"A Mask and a Minivan" - Our Pandemic Road Trip (Part 5 - We Arrive)
Updated: Dec 14, 2022
This is the fifth post about the 5-month road trip my wife, daughter, and I took during the first half of 2021 in the middle of the pandemic. You can also go back and read a little of the background/ context behind the trip, or read about our time in Asheville, Lawrence, Kansas, Moab, and Great Basin.
We'd done it!
In a little more than two months, we'd made our way across the country, endured vomiting spells, the stresses of buying a house, and me getting really sick with shingles, to finally arrive in the Bay Area where my dad could meet his first grandchild. It had been a tough couple months, but I was excited for my dad and daughter to meet.
It was a sunny, late April day when we pulled up besides my dad's house in Santa Clara. The drive from Tahoe had taken a little under four hours and it was just before lunch time. My dad and his wife are avid gardeners and my dad was outside tending to some of his plants. I got out of the van first to greet my dad while my wife began packing up a few things in the van.
At one point I turned back around to look at the van. It was covered in dust and dirt. It looked out of place on this quiet suburban neighborhood, far from any dirt road that might lead to such a weathered-looking vehicle. I hugged my dad and we began unpacking the van.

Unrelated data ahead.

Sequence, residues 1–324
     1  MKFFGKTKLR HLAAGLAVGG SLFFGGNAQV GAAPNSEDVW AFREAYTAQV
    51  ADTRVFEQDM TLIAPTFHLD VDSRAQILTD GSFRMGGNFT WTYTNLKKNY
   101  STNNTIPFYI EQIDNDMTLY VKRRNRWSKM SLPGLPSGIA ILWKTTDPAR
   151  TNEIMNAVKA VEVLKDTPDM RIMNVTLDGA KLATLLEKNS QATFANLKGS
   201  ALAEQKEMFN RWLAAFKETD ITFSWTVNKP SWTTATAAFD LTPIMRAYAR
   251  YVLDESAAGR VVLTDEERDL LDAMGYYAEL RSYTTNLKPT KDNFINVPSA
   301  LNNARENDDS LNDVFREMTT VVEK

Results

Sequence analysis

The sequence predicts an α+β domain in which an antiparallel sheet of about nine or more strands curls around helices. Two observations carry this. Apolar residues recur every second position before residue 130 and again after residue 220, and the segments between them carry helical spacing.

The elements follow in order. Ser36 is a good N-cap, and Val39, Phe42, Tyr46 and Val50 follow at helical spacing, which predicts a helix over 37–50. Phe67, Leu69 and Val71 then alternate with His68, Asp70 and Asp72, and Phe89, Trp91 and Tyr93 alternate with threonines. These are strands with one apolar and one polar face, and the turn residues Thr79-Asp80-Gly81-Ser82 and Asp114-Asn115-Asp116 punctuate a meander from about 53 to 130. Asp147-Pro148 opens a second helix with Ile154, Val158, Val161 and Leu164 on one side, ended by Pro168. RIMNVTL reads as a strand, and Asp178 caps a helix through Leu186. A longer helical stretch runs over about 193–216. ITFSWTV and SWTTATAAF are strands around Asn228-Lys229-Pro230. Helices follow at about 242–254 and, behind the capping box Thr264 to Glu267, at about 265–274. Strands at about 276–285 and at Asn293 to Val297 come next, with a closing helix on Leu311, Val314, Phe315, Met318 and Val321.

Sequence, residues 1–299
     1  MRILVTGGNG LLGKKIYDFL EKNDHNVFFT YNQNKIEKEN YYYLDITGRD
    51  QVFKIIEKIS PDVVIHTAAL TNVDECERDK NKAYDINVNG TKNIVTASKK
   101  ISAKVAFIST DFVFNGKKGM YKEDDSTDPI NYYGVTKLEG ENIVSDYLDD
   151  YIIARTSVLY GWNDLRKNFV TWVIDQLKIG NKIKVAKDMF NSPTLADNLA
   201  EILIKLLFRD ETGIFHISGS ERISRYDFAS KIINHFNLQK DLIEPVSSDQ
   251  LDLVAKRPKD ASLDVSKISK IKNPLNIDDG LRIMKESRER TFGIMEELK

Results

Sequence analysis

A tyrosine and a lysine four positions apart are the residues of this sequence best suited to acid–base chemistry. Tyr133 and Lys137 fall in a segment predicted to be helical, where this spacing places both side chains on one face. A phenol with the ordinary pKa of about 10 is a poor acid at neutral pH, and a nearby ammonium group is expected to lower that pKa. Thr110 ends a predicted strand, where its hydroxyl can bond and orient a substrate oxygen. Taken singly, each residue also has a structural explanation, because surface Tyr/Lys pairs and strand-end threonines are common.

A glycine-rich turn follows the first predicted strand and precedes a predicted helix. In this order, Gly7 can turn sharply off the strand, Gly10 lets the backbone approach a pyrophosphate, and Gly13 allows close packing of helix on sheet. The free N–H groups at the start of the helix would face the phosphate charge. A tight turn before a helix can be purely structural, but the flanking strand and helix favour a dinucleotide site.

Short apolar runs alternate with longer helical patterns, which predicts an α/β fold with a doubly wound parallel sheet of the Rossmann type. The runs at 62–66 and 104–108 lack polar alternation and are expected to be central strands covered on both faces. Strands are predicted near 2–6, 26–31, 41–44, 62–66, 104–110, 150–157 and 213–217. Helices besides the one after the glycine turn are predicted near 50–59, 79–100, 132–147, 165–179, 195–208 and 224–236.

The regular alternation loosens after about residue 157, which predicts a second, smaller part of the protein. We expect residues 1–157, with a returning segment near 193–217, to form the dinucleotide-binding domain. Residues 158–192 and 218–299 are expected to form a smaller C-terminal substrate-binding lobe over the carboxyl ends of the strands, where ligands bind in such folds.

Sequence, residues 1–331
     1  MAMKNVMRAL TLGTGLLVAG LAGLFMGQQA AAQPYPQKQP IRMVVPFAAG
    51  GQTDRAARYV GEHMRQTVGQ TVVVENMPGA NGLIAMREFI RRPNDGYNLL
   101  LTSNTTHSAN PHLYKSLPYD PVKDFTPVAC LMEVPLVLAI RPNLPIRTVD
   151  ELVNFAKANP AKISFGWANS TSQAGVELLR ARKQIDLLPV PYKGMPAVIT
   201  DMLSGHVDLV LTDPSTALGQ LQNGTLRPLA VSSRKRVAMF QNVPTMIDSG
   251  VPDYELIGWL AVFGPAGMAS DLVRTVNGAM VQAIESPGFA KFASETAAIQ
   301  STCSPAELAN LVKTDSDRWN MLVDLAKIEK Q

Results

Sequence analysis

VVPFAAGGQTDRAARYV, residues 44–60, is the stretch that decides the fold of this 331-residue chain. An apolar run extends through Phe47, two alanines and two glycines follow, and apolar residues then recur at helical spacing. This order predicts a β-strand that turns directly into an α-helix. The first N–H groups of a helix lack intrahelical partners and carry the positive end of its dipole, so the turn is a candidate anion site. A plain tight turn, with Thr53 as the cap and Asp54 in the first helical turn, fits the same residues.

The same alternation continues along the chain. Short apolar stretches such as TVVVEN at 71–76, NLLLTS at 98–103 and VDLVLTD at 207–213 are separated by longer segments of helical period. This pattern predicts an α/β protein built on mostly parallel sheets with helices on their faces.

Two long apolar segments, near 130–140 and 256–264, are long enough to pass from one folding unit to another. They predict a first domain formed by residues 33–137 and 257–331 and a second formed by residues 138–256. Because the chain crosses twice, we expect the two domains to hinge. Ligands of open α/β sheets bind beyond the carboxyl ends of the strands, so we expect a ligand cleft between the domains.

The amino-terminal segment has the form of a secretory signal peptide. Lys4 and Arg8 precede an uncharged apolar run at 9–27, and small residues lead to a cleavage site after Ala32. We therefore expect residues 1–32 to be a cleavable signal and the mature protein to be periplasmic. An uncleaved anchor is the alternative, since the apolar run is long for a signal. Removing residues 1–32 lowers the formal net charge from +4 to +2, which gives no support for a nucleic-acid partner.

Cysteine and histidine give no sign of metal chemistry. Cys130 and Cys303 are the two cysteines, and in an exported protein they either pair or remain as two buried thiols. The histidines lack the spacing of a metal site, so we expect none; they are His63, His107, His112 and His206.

My daughter had seen my dad a decent amount on Facetime. She usually warmed up to people quickly, but in the case of my dad, she started crying right away when I handed her to him. Food though, is the way to Eow's heart, and once my dad started giving her some oranges from his tree (her first!) she slowly started to warm up.
The first week in California went by relatively smoothly. I continued to work on east coast time, which worked well with having an eight month old who woke early. Given I was working, I didn't have as much free time as I would have liked, but it still felt great to see my dad with my daughter.
We had been in Santa Clara just under a week when, as my wife was nursing Eow, she called me over. "What's this?" she said pointing to a small bump on our daughter's scalp.
"Looks like a zit to me," I said, trying to convince myself. "I wouldn't worry about it."
It was only when my wife found several more of these "zits" that the undeniable truth dawned on us.
Our daughter had gotten chicken pox from my shingles.
The hits just kept on coming.
To make matters worse, neither my dad nor his wife knew for certain whether they'd had chicken pox and neither of them had been officially vaccinated from the disease either. Over the next several days there was a lot of added stress as my dad and his wife were tested for titers (my dad had them, his wife did not), we tried to quarantine in my childhood bedroom, and everyone was on edge. My dad's wife was particularly concerned about chicken pox since her adult son had just gotten them the previous year and had had a terrible time of it. Probably the low light of the whole affair was us driving around the South Bay on a rainy Sunday afternoon so that we could stay away without having to be quarantined in a single bedroom.